• Margaret Kalcic and Xia Zhu-Barker are focused on the hub’s land- and water-stewardship priority area. Both are involved in nutrient management.

• Charles Nicholson has been hired to focus on dairy economics.

• Hilario Mantovani is a rumen microbial physiologist. Before joining UW-Madison he was a professor at Brazil’s Universidade Federal de Viçosa.

• Joseph Pierre is the fifth new faculty member. His research is in human health and nutrition. He’s focused on irritable bowel syndrome and the role of dairy products in meeting consistent dietary needs. He’s also studying the role of dairy protein in avoiding weight gain after bariatric surgery. He’s collaborating with surgical specialists.

UW-Platteville has hired three new faculty members.

• Ryan Pralle is involved in ruminant nutrition.

• Joseph Sanford is in agricultural and biological systems engineering.

• Zifan Wan is involved in dairy-food science and management.

UW-River Falls also has hired three new faculty members.

• Kate Creutzinger is in animal welfare.

• Grace Lewis is in dairy processing.

• Luis Peṅa-Lẻvano is in community economic development.

Postdoctoral research funded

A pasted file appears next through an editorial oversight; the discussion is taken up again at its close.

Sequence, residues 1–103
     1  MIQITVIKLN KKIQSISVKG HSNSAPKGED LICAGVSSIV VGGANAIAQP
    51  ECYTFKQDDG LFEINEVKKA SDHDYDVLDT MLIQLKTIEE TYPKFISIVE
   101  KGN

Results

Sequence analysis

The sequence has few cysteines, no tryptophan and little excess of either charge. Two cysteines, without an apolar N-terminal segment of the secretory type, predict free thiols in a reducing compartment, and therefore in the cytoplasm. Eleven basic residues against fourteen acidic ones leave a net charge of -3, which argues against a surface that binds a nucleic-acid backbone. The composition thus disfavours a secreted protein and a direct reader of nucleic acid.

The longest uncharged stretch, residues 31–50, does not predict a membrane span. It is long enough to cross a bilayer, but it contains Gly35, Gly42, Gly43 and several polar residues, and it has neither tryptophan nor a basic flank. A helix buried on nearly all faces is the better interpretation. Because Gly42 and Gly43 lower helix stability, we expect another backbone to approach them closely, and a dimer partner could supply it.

UW-Madison has funded two rounds of postdoctoral-research fellowships. The postdocs work with established researchers on campus.

“When you’re a postdoc you can work in someone else’s lab and you can ask a daring, bold question,” White said. “You don’t yet have your whole career on the line and you’re not taking classes anymore … you know the basics of research so you have all that time to dedicate to something.”

The postdocs can follow through on short-term impactful research. The one-year projects can produce tangible results that a dairy farmer or a cheesemaker could immediately put to use, for example. That way there can be some early accomplishments to balance the time required to hire research faculty across the campuses, White said.

Equipment investments needed